While I’m pouring over pictures of ‘Hygieia’ each day, and pondering ways to create the colour palette for this exciting project, (and how big to make it), I’m working to finish the hall runner as quickly as I can.
Another small section posed a problem. This motif (pictured above) is not exactly like any of the others, but bears a resemblance to the red one with blue green leaves (see below).
I decided to add the centre yellow spot, and do it the same way. That done, I thought it was fine until I looked at the whole section for some time, and realized it looked ‘bald’ without the leaves. There wasn’t room to add them because of the ‘acid green style’ leaf from the motif under it. I thought of adding some smaller flowers around it, or extending some of the motif from below, but finally settled on removing the small leaf altogether, and adding the blue green leaves, adjusting their size and placement slightly so they would fit comfortably in the space. (see below)
Whew!…now I like it!
I’m so excited. I’m going to Trent Rug Hooking School in June. This will be my first time not only to go to Trent, but any Rug hooking school. (You could even count the number of workshops I’ve been at on one hand.) For those of you who may not be familiar with it, it’s held each year in Peterborough Ontario on the campus of Trent University in June. There are about 7 courses offered, and you take a full week in one course.(30 hours of instruction) I’m taking Colour and Motion in Art Nouveau with Linda Sullivan.
Before I even knew this course was available, I had decided to use Gustav Klimt as the inspiration for my next rug. This was not an idea that came to me out of the blue, but actually originated with Deanne Fitzpatrick, and shared with Sunshine Rughookers by Cynthia Young, a wonderfully creative and artistic hooker in our group. In all honesty I had never heard of Gustav Glimt, so I came home and googled him, and was immediately fascinated with his paintings. Every time I look at one I see more and more interesting features, colours, shapes.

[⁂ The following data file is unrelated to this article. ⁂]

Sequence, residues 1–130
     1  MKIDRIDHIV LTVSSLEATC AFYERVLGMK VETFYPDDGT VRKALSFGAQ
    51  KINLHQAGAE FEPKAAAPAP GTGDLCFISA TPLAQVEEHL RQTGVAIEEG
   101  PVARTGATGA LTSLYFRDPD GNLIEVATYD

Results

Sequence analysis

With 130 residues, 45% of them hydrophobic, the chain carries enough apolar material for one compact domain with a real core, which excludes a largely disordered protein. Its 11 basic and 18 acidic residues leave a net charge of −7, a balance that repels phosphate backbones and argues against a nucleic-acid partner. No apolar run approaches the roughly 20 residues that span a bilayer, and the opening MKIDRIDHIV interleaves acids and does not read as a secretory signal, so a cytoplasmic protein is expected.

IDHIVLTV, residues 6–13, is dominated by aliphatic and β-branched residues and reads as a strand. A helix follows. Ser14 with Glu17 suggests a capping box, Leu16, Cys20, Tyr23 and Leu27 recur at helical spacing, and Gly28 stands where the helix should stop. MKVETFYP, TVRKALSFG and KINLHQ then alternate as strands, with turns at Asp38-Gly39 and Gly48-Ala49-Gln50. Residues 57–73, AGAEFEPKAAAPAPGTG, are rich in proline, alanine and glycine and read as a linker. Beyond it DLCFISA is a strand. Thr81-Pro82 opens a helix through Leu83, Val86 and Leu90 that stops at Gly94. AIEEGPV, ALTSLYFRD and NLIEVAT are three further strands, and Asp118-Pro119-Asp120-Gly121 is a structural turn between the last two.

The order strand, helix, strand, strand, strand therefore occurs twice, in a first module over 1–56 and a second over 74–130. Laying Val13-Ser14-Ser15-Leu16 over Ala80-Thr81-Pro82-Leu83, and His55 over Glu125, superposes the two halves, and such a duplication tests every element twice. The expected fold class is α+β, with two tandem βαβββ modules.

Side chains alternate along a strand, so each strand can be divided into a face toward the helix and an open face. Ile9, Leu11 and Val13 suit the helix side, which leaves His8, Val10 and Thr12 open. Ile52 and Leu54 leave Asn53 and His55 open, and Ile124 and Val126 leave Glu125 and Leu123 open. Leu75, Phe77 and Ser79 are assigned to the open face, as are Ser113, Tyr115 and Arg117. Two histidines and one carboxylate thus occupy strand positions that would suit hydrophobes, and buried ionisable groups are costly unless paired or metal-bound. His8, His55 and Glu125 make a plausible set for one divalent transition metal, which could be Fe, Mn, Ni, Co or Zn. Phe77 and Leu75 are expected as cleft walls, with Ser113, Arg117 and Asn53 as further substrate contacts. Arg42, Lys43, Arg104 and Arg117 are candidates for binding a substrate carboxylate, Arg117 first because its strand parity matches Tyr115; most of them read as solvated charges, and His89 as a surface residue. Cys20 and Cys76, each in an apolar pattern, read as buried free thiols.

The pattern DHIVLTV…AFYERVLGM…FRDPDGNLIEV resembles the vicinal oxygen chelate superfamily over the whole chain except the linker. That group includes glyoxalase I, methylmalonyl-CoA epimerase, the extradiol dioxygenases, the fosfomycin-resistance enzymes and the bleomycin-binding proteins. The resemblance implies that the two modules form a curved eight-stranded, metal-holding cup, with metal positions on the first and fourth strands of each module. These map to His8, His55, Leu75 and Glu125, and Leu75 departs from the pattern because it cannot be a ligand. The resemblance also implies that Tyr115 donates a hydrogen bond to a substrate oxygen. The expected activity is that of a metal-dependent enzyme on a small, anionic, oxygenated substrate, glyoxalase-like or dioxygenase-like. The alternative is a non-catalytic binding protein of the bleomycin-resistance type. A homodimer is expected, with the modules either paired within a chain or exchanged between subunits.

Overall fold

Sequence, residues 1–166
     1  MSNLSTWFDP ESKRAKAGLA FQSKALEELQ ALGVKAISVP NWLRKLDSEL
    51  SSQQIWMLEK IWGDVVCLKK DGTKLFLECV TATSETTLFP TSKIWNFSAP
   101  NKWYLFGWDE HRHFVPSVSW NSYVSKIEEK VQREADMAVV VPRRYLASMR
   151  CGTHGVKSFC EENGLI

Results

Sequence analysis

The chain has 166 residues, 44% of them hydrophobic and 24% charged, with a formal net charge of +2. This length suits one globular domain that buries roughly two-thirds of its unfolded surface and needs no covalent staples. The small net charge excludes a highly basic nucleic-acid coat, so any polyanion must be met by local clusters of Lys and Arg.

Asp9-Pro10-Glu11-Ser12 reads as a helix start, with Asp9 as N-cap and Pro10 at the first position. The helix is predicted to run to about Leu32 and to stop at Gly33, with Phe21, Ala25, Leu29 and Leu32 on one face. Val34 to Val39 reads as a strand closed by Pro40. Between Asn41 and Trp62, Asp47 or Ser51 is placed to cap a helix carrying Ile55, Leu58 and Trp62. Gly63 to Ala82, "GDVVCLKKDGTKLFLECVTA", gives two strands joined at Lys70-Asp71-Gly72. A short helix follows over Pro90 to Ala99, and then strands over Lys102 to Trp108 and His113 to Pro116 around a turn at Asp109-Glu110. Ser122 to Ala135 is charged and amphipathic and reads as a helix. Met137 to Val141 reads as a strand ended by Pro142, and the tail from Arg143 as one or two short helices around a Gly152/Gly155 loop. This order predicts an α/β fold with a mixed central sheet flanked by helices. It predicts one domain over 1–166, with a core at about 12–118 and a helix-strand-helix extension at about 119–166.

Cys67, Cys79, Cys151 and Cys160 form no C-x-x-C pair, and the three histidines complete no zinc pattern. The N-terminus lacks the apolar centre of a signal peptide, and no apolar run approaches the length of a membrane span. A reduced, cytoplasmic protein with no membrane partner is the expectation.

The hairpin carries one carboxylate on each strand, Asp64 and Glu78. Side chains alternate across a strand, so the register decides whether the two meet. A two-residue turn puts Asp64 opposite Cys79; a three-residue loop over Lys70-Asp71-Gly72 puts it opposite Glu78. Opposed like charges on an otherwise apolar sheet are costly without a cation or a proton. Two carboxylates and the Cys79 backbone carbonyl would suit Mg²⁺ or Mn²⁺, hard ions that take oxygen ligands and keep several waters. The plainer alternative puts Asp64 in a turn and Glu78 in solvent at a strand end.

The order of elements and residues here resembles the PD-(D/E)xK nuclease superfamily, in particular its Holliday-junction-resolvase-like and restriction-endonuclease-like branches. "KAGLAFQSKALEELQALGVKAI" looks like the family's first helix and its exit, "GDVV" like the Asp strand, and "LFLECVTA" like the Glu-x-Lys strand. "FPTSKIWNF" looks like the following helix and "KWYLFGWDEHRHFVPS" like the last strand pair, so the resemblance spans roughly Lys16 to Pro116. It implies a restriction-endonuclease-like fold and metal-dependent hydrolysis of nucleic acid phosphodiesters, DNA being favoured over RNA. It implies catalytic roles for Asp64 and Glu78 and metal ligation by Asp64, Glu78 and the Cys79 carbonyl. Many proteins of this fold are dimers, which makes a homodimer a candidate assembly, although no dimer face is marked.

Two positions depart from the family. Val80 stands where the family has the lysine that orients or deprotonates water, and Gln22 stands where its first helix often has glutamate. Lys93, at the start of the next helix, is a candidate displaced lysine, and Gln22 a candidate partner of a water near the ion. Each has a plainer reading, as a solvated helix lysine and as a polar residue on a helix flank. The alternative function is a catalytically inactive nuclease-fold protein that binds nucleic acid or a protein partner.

The minute I saw “Hygieia” or “Medicine” I was taken by both the colour and movement. This would be my inspiration. However the longer I looked at it, the more I was drawn to the entire painting, and now I intend to actually try to hook it. I’m no artist, so I’m mulling over how I will get the outline of it to my backing.
Here’s what I’ve come up with. The picture is twice as long as it is wide, so that simplifies things. I think I will blow up the best picture of it I can find, draw a grid over the picture, and use that to re-draw it onto the red dot grid. I was thinking I would do something in the nature of 30″ x 60″ but my DH thinks it would be wonderful to hang in the stairwell.(it’s about 15′ high)…so it may grow if that is to be its final destination…..you see It’s not my fault I end up hooking humongous rugs!!
Last year on Gene’s IRC, there was quite a discussion about cleaning rugs by putting them out in the snow. Apparently this was a tried and true method used long before vacuums were available. It didn’t work though for Cilla Cameron in Nottingham, England. They had quite a snowfall last year and she followed the steps carefully, but her dog simply wouldn’t leave the rug covered with snow, and yanked it out to play with in the yard. (there are some great pictures in the archives of Gene’s blog)
We certainly have an abundance of snow here in central Ontario, and my dog doesn’t have access to the front yard, so I decided to give it a try.
This rug is on the bedroom floor, and the dog sleeps on it for at least a part of every night (when we won’t leave him enough room to stretch out to his liking), so it certainly could do with freshening up.
I turned the rug up-side-down, and covered it with about 3″ of fresh, clean snow….then left it for about 2 hours. I then shook the snow off, brushed it with a broom and hung it over the banister to dry.
In all honesty, I can’t see much difference, however this rug is less than a year old…so maybe it doesn’t have enough ‘patina’ yet, for the snow to work on. (please excuse the ugly toes…I forgot to crop them out before I posted the picture)
On the other hand, I think I raised the eyebrows of neighbours and passers-by when they saw this weird lady out burying her rug in the snow on a Sunday afternoon.